Introducing a New 3D-Printed Cement That Will Make Buildings Indestructible

Inspired but the complex structure of arthropods shells, researchers developed a new technique to produce cement.

The technique involves 3D printing and it’s expected to make the constructions built through this process much stronger than before.

The key characteristic of the arthropods shells like is that it gets harder under strain thanks to crack propagation and toughening mechanisms.

The ability to reproduce these characteristics in a cement paste would, therefore, allow building more resilient structures.

Besides its resilience, the printable nature of this new building material allows replicating patterns, like honeycomb patterns or a helicoidal pattern, that have unique properties.

“There are several questions and opportunities that we still need to answer,” says Pablo Zavattieri, Purdue professor of civil engineering. “We still do not understand the role of the rheological properties of fresh cement paste — as it is being extruded through the 3D printer, and it is deposited and put at rest on top of the already printed structure. We also do not know the properties of the new architectured materials during the first hours and days, as the cement paste goes through [its solidification] process. This involves all kind of mechanisms at different length scales, such as shrinkage and drying. We are going to explore the role of controlling weak interfaces.”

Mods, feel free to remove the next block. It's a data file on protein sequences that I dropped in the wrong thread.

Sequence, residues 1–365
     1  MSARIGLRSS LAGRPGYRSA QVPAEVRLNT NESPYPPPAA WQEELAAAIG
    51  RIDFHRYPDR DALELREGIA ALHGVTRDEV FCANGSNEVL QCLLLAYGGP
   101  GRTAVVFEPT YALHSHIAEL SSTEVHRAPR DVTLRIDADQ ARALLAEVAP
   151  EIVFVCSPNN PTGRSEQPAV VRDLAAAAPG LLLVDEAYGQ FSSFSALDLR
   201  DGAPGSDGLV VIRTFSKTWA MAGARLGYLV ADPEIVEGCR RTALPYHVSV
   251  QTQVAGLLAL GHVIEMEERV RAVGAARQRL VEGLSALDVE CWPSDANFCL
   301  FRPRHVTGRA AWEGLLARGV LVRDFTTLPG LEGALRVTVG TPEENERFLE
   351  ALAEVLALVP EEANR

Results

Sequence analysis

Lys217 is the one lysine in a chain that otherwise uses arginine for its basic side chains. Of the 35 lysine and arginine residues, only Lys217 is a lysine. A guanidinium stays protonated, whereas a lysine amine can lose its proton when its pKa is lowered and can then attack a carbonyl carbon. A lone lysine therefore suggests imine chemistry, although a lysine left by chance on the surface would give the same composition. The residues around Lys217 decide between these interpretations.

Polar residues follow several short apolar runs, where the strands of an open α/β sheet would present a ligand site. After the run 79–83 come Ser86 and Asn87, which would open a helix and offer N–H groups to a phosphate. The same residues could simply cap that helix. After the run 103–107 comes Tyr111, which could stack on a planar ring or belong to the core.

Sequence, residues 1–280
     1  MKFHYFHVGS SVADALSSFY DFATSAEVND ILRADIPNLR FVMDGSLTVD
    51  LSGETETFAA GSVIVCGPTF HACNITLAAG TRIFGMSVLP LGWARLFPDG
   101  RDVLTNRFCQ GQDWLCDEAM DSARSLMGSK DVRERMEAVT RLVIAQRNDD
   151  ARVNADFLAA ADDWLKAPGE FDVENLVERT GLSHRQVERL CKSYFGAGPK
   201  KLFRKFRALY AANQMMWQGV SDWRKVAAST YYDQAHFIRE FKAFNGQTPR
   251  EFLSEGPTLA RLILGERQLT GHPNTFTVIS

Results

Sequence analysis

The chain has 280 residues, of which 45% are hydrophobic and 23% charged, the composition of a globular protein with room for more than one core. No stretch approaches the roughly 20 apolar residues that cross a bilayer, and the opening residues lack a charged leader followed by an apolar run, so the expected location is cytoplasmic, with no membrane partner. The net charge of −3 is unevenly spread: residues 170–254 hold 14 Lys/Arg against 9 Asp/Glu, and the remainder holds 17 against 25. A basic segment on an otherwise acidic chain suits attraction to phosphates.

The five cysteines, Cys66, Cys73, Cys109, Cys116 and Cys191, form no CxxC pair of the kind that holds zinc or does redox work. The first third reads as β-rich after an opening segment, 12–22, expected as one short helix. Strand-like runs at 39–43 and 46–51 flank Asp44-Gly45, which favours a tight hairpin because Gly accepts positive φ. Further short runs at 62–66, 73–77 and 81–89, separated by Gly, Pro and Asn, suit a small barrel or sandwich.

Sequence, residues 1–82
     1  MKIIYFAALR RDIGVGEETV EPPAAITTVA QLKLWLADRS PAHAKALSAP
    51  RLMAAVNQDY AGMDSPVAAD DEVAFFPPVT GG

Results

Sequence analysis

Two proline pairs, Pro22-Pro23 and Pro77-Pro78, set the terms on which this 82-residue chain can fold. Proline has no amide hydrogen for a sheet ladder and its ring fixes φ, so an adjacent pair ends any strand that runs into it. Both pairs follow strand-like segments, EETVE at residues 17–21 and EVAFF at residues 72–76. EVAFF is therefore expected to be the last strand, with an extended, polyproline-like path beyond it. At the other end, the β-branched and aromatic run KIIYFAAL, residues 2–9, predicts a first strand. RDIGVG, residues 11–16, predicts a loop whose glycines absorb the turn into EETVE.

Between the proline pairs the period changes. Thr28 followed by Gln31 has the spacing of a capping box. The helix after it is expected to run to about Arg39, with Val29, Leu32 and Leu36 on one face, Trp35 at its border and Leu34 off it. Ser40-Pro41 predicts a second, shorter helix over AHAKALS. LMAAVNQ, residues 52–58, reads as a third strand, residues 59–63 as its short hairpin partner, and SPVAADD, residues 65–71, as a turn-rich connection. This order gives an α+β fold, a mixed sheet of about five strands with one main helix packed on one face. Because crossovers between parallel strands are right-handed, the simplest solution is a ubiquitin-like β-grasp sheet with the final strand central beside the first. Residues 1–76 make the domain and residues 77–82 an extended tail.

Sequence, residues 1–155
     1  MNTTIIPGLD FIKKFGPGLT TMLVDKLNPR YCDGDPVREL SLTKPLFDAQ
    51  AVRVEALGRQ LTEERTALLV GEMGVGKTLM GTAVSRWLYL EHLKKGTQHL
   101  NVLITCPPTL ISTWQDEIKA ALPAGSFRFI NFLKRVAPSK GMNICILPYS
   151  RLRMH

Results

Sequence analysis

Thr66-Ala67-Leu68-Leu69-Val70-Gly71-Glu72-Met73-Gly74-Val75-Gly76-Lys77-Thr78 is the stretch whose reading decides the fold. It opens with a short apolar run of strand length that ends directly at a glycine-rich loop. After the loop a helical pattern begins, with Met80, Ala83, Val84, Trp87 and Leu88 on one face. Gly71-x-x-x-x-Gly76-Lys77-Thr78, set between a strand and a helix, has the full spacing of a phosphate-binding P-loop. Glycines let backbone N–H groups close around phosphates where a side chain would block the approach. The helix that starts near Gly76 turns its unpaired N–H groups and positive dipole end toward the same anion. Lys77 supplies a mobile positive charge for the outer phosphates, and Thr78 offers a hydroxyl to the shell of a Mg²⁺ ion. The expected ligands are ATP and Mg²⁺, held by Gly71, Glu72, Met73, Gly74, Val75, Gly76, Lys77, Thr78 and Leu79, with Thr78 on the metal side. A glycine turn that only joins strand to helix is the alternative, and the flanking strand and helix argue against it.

Scientists have detailed the information about this 3D printed cement paste in the journal Advanced Materials.